The Science Behind Arthritis

key2health By key2health, 15th Mar 2013 | Follow this author | RSS Feed
Posted in Wikinut>Health>General Health>Diseases & Infections

Understanding the science behind arthritis is difficult. If you have arthritis, it is important to understand more about the disease and to get a clear picture of what is happening in your body, especially if you want to find alternative ways to help combat your inflammation. This article breaks it down in an easy to understand way.

Understanding Arthritis

Arthritis is an inflammatory disease where your immune system fights and attacks the good cells in your body. Your immune system is designed to protect your body from foreign invaders, but when a disease like arthritis strikes, your body’s defense system turns on the good cells and attacks them. Arthritis is thought to be triggered by or caused as a consequence of infection. Infection can be caused by foreign invaders (microorganisms) such as any form of bacteria, fungus, or a virus. When you get an infection, the microorganisms filter into the blood stream and causes secondary infection in the joints.

Joints are protected by a synovial membrane and do not have a blood supply like other organs in our body, so blood cannot pass through the joints. Our joints normally receive nutrients from the fluid that washes over the cartilage and the joint capsule. However, bacteria can push past and rupture our joints protective synovial membrane and hide in our joints, pushing the good nutrients out and causing an inflammatory response. Pain and damage occur when the cartilage, the substance that covers and cushions the bone, frays and loses its elasticity and the joint fluid becomes thinner and less lubricating.

Over the years, scientific researchers have identified various forms of bacteria, viruses, and fungi associated with all forms of arthritis. When you have an oral, yeast, or urinary tract infection or when you have the flu or common cold virus, bacteria from these infections filters into your blood stream and causes secondary infections in joints. Chronic infection in joints can cause inflammatory arthritis during an illness, immediately after an illness, or in some cases may not appear for months or even years. Anything that stresses the body can trigger symptoms. For example, physical or emotional stress, poor diet, allergies, illness, exposure to toxins, or even aging are triggers for arthritis.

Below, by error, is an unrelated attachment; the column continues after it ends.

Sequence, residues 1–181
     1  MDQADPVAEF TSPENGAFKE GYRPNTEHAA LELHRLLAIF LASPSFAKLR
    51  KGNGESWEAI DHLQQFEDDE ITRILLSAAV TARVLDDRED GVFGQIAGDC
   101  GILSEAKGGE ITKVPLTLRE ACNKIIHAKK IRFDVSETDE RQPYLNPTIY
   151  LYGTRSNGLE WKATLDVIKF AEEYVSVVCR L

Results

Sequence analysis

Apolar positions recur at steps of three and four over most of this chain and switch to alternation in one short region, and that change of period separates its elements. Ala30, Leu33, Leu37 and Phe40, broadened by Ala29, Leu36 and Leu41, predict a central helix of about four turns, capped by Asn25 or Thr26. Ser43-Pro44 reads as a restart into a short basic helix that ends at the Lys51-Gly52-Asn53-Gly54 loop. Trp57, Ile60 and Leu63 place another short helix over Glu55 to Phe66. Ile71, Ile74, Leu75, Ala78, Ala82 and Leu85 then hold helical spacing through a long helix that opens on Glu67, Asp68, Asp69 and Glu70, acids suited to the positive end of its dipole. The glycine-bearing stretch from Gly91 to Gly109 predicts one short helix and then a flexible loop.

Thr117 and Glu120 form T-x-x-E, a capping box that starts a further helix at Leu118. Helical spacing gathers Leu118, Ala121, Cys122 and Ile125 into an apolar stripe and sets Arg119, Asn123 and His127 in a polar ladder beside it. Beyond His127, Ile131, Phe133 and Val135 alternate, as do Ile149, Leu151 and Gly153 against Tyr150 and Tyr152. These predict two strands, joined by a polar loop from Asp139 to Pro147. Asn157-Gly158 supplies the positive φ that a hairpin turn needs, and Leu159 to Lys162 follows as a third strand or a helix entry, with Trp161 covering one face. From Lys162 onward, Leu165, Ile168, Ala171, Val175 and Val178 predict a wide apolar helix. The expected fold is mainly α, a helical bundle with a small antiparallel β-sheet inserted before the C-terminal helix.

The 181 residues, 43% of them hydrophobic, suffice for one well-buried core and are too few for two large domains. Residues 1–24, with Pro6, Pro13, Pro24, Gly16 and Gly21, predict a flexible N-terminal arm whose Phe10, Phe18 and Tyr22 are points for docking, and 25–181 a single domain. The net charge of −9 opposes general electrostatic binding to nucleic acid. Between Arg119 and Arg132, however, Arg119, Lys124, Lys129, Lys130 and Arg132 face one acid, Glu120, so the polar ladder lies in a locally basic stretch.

As many systemic bacterial infections are treated with antibiotics, you would think arthritis can be treated the same way. Antibiotics have only a limited ability and cannot fight viruses, fungi, or drug resistant bacteria. Since joints don’t have a blood supply, antibiotics are useless to fight off an invasion within the joints.

Chronic infection can be fought by building our immune systems up and addressing our oral health. We need to build our immune systems up through a healthy diet consisting of fresh fruits, vegetables, whole grains, organic meat, eggs, and dairy products. Processed foods, sweets, refined carbohydrates should be avoided as they lack any nutritional value, deplete essential nutrients during metabolism, and feed oral and intestinal microorganisms that cause most trouble. As most forms of arthritis involve oral infection causing bacteria to filter into the blood stream, dental care is important. Regular brushing, flossing, and using mouthwash are not enough to remove infection or tooth decay. When we lack good nutrition and oral care, our immune system is compromised, allowing infection to spread into joint tissue.

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author avatar Mark Gordon Brown
15th Mar 2013 (#)

A good understanding of arthritis, a common problem for many people.

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author avatar Kingwell
10th Apr 2013 (#)

Good tips. I am fortunate in that I have never suffered from arthritis, although other members of my family have..

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